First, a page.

I'm a true novice when it comes to taking pictures. But I just bought the D50 and called Nikon to ask a question. I then asked them about card speed. Not understanding the reasoning behind what they explained to me, the gist was that for this type pf camera card speed has no affect. All they said was try to use a brand that was listed in the manual.

Thats great so I can buy any card and it wont make a difference, thanks guys that saved me a good lot of money

Thanks
photocrazy is offline   Reply With Quote
Old Apr 13, 2006, 8:29 PM   #6
Administrator
 
Join Date: Jun 2003
Location: Savannah, GA (USA)
Posts: 22,378
Default

photocrazy wrote:
Quote:
Mike S wrote:
Quote:
I'm a true novice when it comes to taking pictures. But I just bought the D50 and called Nikon to ask a question. I then asked them about card speed. Not understanding the reasoning behind what they explained to me, the gist was that for this type pf camera card speed has no affect. All they said was try to use a brand that was listed in the manual.

Thats great so I can buy any card and it wont make a difference, thanks guys that saved me a good lot of money

Thanks
Well.... I'm not so sure I buy that.

Even Rob Galbraith's tests show that a Sandisk Extreme III is about 25% faster than the Sandisk Ultra II in the D50. So, if there is 25% difference between an Ultra II and an Extreme III, the difference may be more pronounced between slower cards and the Ultra II (since you tend to get diminishing returns after you get to a certain speed card).

Chances are, most current cards are relatively fast. But, some of the older, standard speed cards around may be significantly slower than the Ultra II.

If you never fill up the buffer, you won't see any difference in speed. But, if you're shooting in raw and do fill up the buffer, I'd expect to see performance differences between cards (time to flush files to media).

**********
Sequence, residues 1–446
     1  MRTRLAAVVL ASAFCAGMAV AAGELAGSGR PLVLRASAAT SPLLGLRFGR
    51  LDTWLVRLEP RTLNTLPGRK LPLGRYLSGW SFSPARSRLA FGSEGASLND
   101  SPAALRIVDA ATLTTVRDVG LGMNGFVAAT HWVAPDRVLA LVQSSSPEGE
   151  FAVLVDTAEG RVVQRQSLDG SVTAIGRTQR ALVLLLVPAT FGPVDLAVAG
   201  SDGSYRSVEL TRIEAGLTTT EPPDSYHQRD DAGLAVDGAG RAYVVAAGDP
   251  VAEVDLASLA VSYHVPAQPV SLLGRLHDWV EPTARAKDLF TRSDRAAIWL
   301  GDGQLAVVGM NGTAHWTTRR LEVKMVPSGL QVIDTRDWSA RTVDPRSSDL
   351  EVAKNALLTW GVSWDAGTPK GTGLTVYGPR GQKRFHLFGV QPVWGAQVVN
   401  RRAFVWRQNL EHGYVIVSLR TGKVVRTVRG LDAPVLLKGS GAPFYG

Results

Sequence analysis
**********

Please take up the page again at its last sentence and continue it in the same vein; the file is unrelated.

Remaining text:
JimC is offline   Reply With Quote
Old Apr 13, 2006, 10:46 PM   #7
Senior Member
 
big_potato's Avatar
 
Join Date: Jun 2005
Posts: 487
Default

SD prices has dropped a lot recently.

FYI I am using Sandisk Ultra II 1GB & Kingston 120x Ultima 2GB (neither of them the fastest on the market)

So far so good.

D50 built-in fast cache helps a lot.

I would choose reliability/compatibility than speed these days.

If you can afford, choose 50x or above is OK.
big_potato is offline   Reply With Quote
Old Apr 13, 2006, 11:46 PM   #8
Senior Member
 
Join Date: Jan 2005
Posts: 143
Default

I could only find information on how many JPG photo's it takes to fill the buffer, Does anyone know how many RAW pictures can be taken before the buffer is full?

I would never plan on taking more than say 10 shots at once, So Then Card Write speeds would be kind of a moot point. (if the buffer was that large)
Lexiticus is offline   Reply With Quote
Old Apr 13, 2006, 11:55 PM   #9
Administrator
 
Join Date: Jun 2003
Location: Savannah, GA (USA)
Posts: 22,378
Default

Lexiticus wrote:
Quote:
I could only find information on how many JPG photo's it takes to fill the buffer, Does anyone know how many RAW pictures can be taken before the buffer is full?
See my first post in this thread (it quotes the review you'll find here, and goes into detail on the number of photos you can shoot in raw or jpeg before the buffer fills and the camera slows down). It's a 4 frame buffer shooting in raw. Note that a Sandisk Ultra II was used for the review.


JimC is offline   Reply With Quote
 
Reply


Thread Tools Search this Thread
Search this Thread:

Advanced Search

Posting Rules
You may not post new threads
You may not post replies
You may not post attachments
You may not edit your posts

BB code is On
Smilies are On
[IMG] code is On
HTML code is Off
Trackbacks are Off
Pingbacks are Off
Refbacks are Off



All times are GMT -5. The time now is 4:53 PM.